Workshop Politics: Matthew Salesses on Centering the Marginalized Writer
Updated: May 13, 2021
Bestselling novelist Matthew Salesses joins co-hosts Whitney Terrell and V.V. Ganeshananthan to talk about the politics, history, and context driving different modes of teaching fiction writing. After sharing an excerpt from his new book Craft in the Real World, Salesses explains how the traditional creative writing workshop model fails marginalized writers, and why examining craft questions through a range of lenses should matter to both writers and readers. He also reads from his new novel, Disappear Doppelgänger Disappear, which is a finalist for the PEN/Faulkner Award.
To hear the full episode, subscribe to the Fiction/Non/Fiction podcast through iTunes, Google Play, Stitcher, Spotify, or your favorite podcast app (include the forward slashes when searching). You can also listen by streaming from the player above. And check out video excerpts from our interviews at Lit Hub’s Virtual Book Channel and Fiction/Non/Fiction’s YouTube Channel. This podcast is produced by Andrea Tudhope.
Selected readings: Matthew Salesses Craft in the Real World • Disappear Doppelgänger Disappear • The Hundred-Year Flood • I’m Not Saying, I’m Just Saying • Different Racisms: On Stereotypes, the Individual, and Asian American Masculinity • The Last Repatriate Others Tiger Writing by Gish Jen • No-No Boy by John Okada • Who Killed Vincent Chin?(documentary) by Christine Choy and Renee Tajima-Pena • Drumline (film) by Charles Stone III • A Fine Balance by Rohinton Mistry • The Handmaid’s Tale by Margaret Atwood • “Unsilencing the Writing Workshop” by Beth Nguyen • Native Son by Richard Wright • Invisible Man by Ralph Ellison • The Legend of Zelda: Ocarina of Time 3D for Nintendo 3DS • Books by Haruki Murakami
From the conversation:
V.V. Ganeshananthan: So your book has this really marvelous section, critiquing the decentering of the author in the workshop, which I think is one of the hottest topics about the workshop at present. And I wonder if you could talk about what that means and how that connects to this discussion of race and privilege within the workshop?
Matthew Salesses: So, the typical workshop, just by nature, decenters the author.
Whitney Terrell: I don’t think the mystical writers are going to appreciate being decentered.
MS: Well, the mystical writers probably don’t do a lot of workshopping. They probably believe in their own genius, right? The workshop could be a thing where the author doesn’t really even need to be there. A colleague was saying to me the other day, maybe they could just tape the workshop and then play it for another writer later. Because they’re so not a part of the workshop at all, when you’re just kind of being silent and sitting there while other people are talking about the work, as if you aren’t the writer of the work and have nothing to say about it. The basic idea is trying to get the author back at the center of the workshop and invest the power of feedback, criticism, and process back into the author themselves. Who’s writing the story is really the question at hand. I think it’s a pretty simple thing to consider.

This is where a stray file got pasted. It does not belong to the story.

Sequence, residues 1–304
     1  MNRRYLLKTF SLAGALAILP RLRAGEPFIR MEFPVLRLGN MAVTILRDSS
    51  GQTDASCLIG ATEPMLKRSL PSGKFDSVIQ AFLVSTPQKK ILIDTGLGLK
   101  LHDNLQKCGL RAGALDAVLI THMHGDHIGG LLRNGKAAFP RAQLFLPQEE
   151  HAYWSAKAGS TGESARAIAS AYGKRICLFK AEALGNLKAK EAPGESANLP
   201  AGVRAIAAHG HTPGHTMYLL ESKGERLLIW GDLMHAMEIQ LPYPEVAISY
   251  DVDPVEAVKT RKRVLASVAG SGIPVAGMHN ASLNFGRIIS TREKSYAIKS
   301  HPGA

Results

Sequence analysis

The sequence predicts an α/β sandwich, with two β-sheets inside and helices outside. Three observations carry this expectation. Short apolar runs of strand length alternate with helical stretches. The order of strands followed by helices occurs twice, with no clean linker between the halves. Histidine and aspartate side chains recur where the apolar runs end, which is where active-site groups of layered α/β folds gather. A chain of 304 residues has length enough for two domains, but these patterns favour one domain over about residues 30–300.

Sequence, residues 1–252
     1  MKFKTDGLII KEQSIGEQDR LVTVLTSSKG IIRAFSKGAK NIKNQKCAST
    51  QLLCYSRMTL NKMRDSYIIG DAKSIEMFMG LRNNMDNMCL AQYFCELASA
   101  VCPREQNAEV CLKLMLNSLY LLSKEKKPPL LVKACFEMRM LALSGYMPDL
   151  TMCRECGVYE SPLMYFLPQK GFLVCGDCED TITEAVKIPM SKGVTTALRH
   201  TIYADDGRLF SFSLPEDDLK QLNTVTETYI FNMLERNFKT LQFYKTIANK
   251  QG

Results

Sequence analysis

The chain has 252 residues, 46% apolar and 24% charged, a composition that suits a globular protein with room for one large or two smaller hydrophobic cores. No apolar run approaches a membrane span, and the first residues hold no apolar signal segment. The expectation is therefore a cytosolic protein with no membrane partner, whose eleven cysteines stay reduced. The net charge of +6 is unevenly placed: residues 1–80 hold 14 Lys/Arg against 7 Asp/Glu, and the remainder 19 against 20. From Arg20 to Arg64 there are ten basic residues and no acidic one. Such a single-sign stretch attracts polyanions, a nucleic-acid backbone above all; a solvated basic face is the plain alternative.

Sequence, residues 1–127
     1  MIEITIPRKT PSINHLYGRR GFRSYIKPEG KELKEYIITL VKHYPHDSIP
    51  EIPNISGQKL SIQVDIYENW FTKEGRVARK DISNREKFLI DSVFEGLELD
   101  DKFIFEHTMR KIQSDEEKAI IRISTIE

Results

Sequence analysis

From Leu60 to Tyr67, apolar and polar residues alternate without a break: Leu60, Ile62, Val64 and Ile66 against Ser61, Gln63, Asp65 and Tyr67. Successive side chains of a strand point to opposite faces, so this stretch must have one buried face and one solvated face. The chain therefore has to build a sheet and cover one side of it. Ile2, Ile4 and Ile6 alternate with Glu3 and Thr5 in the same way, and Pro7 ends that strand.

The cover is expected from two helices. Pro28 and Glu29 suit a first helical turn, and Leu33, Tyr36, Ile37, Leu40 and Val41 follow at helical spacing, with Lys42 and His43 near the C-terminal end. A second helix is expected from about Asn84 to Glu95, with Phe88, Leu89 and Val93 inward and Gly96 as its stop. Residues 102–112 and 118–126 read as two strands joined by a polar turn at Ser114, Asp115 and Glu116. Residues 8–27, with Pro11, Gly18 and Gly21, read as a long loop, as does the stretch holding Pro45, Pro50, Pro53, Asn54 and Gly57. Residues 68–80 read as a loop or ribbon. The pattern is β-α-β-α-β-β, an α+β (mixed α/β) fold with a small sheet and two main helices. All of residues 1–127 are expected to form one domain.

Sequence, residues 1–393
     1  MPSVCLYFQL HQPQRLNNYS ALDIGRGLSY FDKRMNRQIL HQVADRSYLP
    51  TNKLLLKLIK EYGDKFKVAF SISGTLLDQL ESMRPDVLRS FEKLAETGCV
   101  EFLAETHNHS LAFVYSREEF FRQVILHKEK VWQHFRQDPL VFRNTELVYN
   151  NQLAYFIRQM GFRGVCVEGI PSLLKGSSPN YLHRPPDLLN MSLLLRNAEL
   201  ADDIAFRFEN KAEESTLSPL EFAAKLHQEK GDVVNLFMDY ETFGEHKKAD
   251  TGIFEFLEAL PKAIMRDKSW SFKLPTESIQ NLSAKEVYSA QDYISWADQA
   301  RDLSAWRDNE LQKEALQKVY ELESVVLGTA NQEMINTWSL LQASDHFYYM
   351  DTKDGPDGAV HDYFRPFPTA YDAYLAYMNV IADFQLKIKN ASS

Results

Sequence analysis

WT: I’ve been thinking about this a lot in recent years. Beth Nguyen, who’s a friend of ours and has been on the show, has written about it a fair amount on social media, and I started to read books about it, and it’s changed the way that I view the workshop. The other thing is, to resist that idea that you should stop decentering the author—you have a line here, “for more privileged writers, their decentering in a workshop is countered by their centering in the rest of the culture.” So it’s easier if you’re the majority to be quiet and stay out of the way. But if you’re a minority, and suddenly you’re having a group from the majority discuss your work, and perhaps not in the most intelligent way, that is a more difficult project, it seems to me. MS: I have a few pet theories on this topic. WT: That’s what you’re here for. MS: One is that it makes sense for the workshop to be silent and for somebody to listen to their peers talk about the work if everybody’s got a very similar cultural background. And especially if people are used to being heard—like a straight white male or upper middle class Protestant person is probably the prototype of the writer’s workshop. And in that context, it might be useful for somebody to shut up and listen to 11 other people very much like them, who are their ideal audience, tell them what they see in the work. WT: So maybe the mystical writer would be okay with the decentering. I was wrong at the beginning with my joke. MS: I don’t know if the mystical writer would be aware that their race was even the part of the work. WT: Oh, well, that’s for sure. MS: The workshop as it is now is not so homogenous, hopefully. And people who come to writing—here’s the other pet theory—a lot of them I think are looking to get out of writing the kind of agency that they don’t get in life. That on the page, you make decisions, you have the power to make every single decision that happens on the page. And for me, the process of revision is a process of making more and more conscious and conscientious decisions. So even if you start with the mess of your unconscious—and this is why people say it’s similar to therapy—you work through various stresses until you have something that stands much closer to your intentions, whatever they are, at that point in time. For me, they change a lot. For some people, they are more similar to where they start from. But when you’re a marginalized person in life and that agency and storytelling power is taken from you all the time, and you’ve gone to the page to find it, and then you get in the workshop and give it to all these other people who are also invested in it, who’ve read it carefully and yet try to—intentionally or not—take that from you and make it theirs … is a pretty hard place to sit in. And not necessarily very good for your writing. I would argue it’s pretty bad for your writing. The back end of that, where a very privileged writer can step out into the real world and have their privilege reaffirmed, have their storytelling and voice reaffirmed, that doesn’t happen for somebody who then steps back into a world where six people who vaguely look like them have been shot in Atlanta or something. The world isn’t gonna re-empower you. VVG: This conversation is deeply compelling for me. I’m interested in your thoughts on how this matters to someone who’s a reader, not a writer, who’s interested in politics and literature, who is on board with everything that you’re saying, would be happy to call it quits with creative writing workshops entirely, and who comes here for us to talk about politics and the news and literature and how those things are knit together … and not the process of writing, and is so incredibly bummed to hear us talking about workshop yet again. How do you think that someone who identifies primarily as a reader thinks about the concept you’re offering up in your book? MS: I think that people go into certain books, at least, thinking, this will help me to become a better reader, and that people go into books thinking, this will help me to become a better person. And I don’t think those things are that disconnected. If we have a lot of faith in books, we probably think they’re fairly connected indeed. And probably the demographic information about who reads a lot of books, and what kind of politics they generally have, probably bear that out. As we become better readers, we become better people. As we become better writers, we become better people. We’re opening our minds to different ways of telling a story and different ways of being in the world. And that’s always going to be, hopefully, a helpful thing for us, as we live our own one life that’s connected to all these other lives. __________________________________ Transcribed by https://otter.ai. Condensed and edited by Andrea Tudhope.